Statistiques de Houle pour All Day Bay, Septembre: Toutes Houles – Tous Vents
The graph illustrates the variation of swells directed at All Day Bay through a typical September and is based upon 2400 NWW3 model predictions since 2006 (values every 3 hours). The wave model does not forecast wind or surf right at the coast so we have chosen the optimum grid node based on what we know about All Day Bay, and at All Day Bay the best grid node is 34 km away (21 miles).
The rose diagram shows the distribution of swell directions and swell sizes, while the graph at the bottom shows the same thing without direction information. Five colours illustrate increasing wave sizes. Blue shows the smallest swells, less that 0.5m (1.5 feet) high. These occurred only 31% of the time. Green and yellow illustrate increasing swell sizes and red represents largest swells greater than >3m (>10ft). In both graphs, the area of any colour is proportional to how often that size swell was forecast.
The diagram indicates that the dominant swell direction, shown by the largest spokes, was SSE, whereas the the most common wind blows from the NW. Because the wave model grid is out to sea, sometimes a strong offshore wind blows largest waves away from All Day Bay and offshore. We lump these in with the no surf category of the bar chart. To simplify things we don't show these in the rose diagram. Because wind determines whether or not waves are clean enough to surf at All Day Bay, you can view an alternative image that shows only the swells that were predicted to coincide with glassy or offshore wind conditions. Over an average September, swells large enough to cause surfable waves at All Day Bay run for about 69% of the time.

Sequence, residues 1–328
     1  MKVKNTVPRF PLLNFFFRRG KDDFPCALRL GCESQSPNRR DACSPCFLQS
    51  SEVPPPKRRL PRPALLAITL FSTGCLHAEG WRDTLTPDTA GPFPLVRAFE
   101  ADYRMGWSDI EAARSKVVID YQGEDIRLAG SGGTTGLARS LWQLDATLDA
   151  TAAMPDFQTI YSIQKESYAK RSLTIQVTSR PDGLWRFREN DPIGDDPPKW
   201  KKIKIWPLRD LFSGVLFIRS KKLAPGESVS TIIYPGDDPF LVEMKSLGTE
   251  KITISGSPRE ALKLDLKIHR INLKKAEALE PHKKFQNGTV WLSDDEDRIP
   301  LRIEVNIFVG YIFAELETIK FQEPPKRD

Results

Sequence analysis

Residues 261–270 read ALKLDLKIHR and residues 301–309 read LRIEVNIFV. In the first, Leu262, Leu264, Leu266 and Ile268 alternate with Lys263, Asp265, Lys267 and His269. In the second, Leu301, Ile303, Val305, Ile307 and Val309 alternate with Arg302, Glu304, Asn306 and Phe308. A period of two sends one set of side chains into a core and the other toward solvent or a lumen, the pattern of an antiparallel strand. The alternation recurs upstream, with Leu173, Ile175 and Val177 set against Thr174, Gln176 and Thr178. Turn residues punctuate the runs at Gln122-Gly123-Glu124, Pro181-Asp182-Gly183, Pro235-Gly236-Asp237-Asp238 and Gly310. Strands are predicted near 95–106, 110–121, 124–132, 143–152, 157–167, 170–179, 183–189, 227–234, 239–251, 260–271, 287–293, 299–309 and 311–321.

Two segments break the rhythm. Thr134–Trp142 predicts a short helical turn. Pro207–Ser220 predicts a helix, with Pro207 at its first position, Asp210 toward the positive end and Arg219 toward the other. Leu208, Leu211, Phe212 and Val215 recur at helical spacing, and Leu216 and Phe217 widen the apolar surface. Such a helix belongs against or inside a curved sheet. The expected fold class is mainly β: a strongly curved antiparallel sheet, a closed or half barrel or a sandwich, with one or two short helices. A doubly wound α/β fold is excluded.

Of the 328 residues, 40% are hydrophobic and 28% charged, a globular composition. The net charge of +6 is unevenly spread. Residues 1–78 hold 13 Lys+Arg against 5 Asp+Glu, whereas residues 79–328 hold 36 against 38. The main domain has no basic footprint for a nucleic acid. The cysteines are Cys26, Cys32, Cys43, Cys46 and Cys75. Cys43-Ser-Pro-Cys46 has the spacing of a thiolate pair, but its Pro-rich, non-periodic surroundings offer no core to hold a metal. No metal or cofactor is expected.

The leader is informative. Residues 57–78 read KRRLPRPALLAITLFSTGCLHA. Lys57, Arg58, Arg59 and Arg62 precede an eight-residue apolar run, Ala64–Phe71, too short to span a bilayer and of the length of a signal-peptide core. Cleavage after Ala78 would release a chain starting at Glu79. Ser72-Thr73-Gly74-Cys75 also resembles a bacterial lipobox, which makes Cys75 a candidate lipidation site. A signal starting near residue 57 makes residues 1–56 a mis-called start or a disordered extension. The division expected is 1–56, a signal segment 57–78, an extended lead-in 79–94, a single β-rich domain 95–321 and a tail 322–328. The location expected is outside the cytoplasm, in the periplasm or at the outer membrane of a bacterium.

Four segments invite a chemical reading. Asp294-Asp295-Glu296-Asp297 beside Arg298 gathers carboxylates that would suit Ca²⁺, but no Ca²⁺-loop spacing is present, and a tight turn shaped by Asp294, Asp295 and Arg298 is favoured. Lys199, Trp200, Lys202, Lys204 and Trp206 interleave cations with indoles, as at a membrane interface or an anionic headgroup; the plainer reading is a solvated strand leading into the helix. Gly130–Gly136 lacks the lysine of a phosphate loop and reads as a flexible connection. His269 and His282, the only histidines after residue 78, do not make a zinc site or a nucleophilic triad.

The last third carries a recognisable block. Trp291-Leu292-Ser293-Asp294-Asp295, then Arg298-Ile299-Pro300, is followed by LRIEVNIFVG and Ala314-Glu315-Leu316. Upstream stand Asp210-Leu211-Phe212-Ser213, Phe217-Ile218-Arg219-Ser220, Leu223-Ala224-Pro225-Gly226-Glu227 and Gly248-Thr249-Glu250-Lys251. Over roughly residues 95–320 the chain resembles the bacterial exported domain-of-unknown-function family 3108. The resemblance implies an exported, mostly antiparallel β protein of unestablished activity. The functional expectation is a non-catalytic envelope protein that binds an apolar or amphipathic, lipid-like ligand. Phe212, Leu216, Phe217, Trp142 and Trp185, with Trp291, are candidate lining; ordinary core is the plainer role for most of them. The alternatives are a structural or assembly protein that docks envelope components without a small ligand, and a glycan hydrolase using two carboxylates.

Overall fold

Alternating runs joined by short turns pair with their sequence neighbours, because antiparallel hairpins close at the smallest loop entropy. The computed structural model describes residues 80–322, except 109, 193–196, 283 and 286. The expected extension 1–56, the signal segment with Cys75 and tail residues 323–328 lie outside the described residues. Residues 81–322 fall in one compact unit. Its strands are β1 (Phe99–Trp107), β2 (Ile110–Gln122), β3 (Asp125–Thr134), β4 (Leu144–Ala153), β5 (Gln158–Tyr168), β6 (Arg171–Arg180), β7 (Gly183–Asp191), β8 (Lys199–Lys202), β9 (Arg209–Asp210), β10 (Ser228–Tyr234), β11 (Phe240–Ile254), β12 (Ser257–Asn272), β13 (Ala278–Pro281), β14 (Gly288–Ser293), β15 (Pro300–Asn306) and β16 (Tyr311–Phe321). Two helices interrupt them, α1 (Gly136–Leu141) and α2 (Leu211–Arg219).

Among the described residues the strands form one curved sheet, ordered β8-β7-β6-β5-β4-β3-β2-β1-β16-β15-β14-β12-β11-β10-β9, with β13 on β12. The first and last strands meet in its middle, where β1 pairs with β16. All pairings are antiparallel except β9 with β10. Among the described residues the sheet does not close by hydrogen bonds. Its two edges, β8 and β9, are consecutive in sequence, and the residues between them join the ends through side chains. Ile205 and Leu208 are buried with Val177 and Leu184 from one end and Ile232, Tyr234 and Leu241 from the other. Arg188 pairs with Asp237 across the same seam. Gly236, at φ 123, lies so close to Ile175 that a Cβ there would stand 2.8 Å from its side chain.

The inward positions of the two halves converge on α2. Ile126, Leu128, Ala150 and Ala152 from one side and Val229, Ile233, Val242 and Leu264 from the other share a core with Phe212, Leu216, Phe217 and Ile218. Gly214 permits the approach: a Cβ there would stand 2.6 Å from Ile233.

IMPORTANT: Beta version feature! Swell heights are open water values from NWW3. There is no attempt to model near-shore effects. Coastal wave heights will generally be less, especially if the break does not have unobstructed exposure to the open ocean.